Jeremy (Pickaxe and Roll): Denver has plenty of problems on both sides of the ball. It is easy to make a case that Denver's offense is subpar, but the argument that their defense is one of the best in the league is a completely different matter.

I can honestly tell you that I have spent a great deal of time trying to figure out how the Nuggets could possibly be a league leader in defensive efficiency (points per 100 possessions) when everything I see on the court tells me they are a poor defensive team. On many occasions they play defense with such disinterest that you would think someone told them their opponents only get one point for every basket they make instead of two. But defensive efficiency is a pretty concrete measurement of how well a team can prevent the other team from scoring. You cannot just discount it.

I will make two arguments for why their defense is not quite as good as their defensive efficiency rating would suggest.

First of all, I think it is important to note that the Nuggets lead the league in steals per game. Obviously a steal is a very abrupt end to a possession. There is no hope for scoring after the ball is stolen away. You can miss a shot or have a shot blocked and get the offensive rebound, but once a steal is made, you flat out ain't gonna score.

Obviously, you cannot remove steals from the defensive equation because that is part of stopping your opponent. On the other hand, the Nuggets have an abnormal amount of possessions where they stop the other team in a way other than contesting shots or forcing a team to go with their third or fourth option instead of their first and second and getting the rebound. If we adjust the Nuggets to a league average of around seven steals a game instead of over nine that is two more possessions for the other team to score. Since the Nuggets give up over a point per possession, we could then adjust their defensive efficiency rating down a couple of points and suddenly they are back in the middle of the pack.

My point is this, when Denver has to play half court defense and force a team to miss a shot, they are a much weaker defensive team.

Secondly, Denver's defensive efficiency rating has been steadily dropping ever since the middle of November. In an old post on December 8th I noted the Nuggets defensive efficiency as being 97.9 good for third in the league. The Nuggets had played 21 games as of December 8th. Now after 72 games they are down to a 102.7 defensive efficiency rating. I ran the numbers earlier in the season and Denver had a six game winning streak where they had a defensive efficiency of 91.7 against some really poor teams. It looks to me like Denver started off with an artificially low rating and the numbers have been adjusting ever since then to a more accurate figure.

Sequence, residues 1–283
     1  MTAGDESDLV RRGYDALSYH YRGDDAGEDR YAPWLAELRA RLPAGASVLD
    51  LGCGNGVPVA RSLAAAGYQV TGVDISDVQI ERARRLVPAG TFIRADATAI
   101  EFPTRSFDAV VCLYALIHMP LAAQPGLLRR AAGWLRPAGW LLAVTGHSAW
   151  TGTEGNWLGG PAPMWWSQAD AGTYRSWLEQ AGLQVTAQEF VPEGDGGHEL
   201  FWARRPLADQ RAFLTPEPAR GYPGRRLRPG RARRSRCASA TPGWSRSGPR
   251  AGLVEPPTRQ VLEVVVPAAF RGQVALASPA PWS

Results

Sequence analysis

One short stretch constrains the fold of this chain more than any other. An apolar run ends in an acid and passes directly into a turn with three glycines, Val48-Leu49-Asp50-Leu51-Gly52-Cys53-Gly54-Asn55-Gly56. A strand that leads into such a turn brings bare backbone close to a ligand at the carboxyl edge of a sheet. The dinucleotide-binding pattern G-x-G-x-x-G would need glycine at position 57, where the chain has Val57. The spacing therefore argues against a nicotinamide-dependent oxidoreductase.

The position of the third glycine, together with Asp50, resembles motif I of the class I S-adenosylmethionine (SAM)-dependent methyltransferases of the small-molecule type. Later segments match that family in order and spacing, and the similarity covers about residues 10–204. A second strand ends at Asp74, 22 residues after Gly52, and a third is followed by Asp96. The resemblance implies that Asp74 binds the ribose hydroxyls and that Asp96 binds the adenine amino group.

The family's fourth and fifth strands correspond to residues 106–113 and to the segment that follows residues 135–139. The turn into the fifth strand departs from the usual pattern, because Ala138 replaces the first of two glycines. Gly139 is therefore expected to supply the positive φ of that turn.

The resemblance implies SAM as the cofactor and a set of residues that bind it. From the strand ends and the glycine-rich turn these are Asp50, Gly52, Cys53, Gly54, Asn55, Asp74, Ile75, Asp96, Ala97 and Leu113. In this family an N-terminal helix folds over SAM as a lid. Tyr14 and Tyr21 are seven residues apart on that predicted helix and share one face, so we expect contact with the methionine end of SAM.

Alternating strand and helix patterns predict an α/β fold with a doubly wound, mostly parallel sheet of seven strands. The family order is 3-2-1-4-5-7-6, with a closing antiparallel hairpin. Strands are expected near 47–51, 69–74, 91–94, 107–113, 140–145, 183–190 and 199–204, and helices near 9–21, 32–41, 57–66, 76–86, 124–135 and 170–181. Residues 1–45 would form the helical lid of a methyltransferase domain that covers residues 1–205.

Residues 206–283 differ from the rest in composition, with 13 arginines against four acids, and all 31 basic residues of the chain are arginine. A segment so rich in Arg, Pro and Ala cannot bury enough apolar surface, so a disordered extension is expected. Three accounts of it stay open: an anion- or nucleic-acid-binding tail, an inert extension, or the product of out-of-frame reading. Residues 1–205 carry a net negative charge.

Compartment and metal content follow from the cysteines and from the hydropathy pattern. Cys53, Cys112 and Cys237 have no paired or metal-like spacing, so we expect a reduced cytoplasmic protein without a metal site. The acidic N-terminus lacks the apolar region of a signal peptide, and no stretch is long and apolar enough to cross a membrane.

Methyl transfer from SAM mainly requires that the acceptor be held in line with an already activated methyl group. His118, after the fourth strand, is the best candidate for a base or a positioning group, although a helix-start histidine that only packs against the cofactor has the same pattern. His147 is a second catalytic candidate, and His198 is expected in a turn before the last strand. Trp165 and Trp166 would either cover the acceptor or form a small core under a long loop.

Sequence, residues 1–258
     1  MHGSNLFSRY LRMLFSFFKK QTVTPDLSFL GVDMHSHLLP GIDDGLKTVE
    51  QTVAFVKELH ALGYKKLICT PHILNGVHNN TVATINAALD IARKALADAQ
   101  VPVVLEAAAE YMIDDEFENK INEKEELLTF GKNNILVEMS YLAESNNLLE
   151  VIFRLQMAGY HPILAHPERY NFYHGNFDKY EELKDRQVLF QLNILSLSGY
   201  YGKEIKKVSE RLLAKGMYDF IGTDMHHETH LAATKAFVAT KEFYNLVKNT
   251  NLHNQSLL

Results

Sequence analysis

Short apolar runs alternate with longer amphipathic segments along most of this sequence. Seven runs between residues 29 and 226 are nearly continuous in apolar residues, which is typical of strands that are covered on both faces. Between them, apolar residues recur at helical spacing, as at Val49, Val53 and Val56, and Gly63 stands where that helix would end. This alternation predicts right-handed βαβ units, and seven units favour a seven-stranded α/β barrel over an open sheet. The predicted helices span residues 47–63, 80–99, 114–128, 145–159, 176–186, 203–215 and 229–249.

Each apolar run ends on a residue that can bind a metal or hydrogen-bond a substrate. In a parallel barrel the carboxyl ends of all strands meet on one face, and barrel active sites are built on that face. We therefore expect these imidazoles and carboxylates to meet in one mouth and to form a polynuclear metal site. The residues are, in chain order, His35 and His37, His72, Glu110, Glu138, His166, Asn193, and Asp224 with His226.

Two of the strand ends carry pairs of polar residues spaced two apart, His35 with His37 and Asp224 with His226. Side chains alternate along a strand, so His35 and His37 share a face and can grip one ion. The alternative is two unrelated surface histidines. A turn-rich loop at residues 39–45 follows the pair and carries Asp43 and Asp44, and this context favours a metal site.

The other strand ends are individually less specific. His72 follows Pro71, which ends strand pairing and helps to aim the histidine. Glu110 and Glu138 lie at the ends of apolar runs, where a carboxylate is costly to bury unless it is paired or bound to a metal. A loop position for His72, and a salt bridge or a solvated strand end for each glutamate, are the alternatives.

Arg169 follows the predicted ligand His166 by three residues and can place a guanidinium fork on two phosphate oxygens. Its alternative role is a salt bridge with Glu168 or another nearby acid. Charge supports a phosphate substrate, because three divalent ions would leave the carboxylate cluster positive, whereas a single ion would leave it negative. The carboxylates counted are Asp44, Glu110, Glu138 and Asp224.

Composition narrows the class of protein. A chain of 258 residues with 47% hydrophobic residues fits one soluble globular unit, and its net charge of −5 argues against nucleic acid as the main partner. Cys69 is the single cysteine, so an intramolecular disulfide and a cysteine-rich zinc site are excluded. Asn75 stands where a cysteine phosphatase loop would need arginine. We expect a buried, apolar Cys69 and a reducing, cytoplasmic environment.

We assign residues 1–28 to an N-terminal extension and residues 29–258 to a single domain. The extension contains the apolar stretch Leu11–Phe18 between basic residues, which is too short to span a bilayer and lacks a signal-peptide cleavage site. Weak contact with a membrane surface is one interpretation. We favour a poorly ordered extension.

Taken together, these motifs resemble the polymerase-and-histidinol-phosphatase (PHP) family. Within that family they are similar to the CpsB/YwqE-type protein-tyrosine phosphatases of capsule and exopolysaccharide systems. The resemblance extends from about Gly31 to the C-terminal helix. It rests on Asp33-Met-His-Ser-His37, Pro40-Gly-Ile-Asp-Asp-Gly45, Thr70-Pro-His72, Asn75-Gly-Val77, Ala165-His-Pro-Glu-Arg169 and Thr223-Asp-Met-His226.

So concerning the defense, I think that steals help hide a lot of their deficiencies and after a hot start, they have been slowly falling down the rankings for weeks now. Again pointing to the Dallas game it is obvious this team is capable of playing very good defense when it wants to. They just have not wanted to enough to make me consider them anything but an average defensive team.

Offensively, they score a lot of points, but as you pointed out, they pack more possessions into every game than anyone else does. When adjusted for pace, Denver's offense does not look quite so impressive. The article you linked to is really pretty accurate. All too often AI and Melo try to go it on their own. Karl has intensified those problems by running an isolation heavy offense. I have prayed all season long that AI and Melo would realize that by giving up the ball and moving without it they could get easier shots than forcing their way through the defense on their own. Clearly, they are having very good offensive seasons as both are in the top five in scoring and they are having career years in shooting percentage (well, Melo has tied his career best mark and AI's percentage is a close second, but you get the idea).

However, all too often when the defense is on the verge of breaking down the ball will come to AI or Melo and they will hold it and allow the defense to reset. AI will dribble the ball for seconds without making a move or doing anything to get a teammate open. AI and Melo are not the only ones though. Camby takes too many jumpers. Linas Kleiza is trying to claim a bigger role in the offense and he has had struggles with shooting. Kenyon Martin and J.R. Smith have only started putting up nice offensive numbers since the All-Star break. The other problem is there is no off the ball movement when AI and Melo are just standing around or pounding the ball. Both AI and Melo are capable and willing passers, but if they do not have any option but to drive or shoot because their teammates are just hanging out it is not their fault.